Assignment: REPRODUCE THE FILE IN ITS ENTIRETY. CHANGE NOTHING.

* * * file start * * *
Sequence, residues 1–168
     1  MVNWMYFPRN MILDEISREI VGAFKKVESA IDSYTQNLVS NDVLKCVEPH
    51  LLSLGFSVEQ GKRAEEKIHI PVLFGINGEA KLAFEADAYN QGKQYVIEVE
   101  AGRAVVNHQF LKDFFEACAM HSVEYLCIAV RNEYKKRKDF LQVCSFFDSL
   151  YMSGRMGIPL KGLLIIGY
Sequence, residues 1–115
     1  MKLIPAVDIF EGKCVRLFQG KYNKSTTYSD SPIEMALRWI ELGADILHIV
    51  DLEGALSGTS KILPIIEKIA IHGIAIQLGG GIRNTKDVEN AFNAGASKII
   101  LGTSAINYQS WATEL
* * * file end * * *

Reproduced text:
Sequence, residues 1–168
     1  MVNWMYFPRN MILDEISREI VGAFKKVESA IDSYTQNLVS NDVLKCVEPH
    51  LLSLGFSVEQ GKRAEEKIHI PVLFGINGEA KLAFEADAYN QGKQYVIEVE
   101  AGRAVVNHQF LKDFFEACAM HSVEYLCIAV RNEYKKRKDF LQVCSFFDSL
   151  YMSGRMGIPL KGLLIIGY
Sequence, residues 1–115
     1  MKLIPAVDIF EGKCVRLFQG KYNKSTTYSD SPIEMALRWI ELGADILHIV
    51  DLEGALSGTS KILPIIEKIA IHGIAIQLGG GIRNTKDVEN AFNAGASKII
   101  LGTSAINYQS WATEL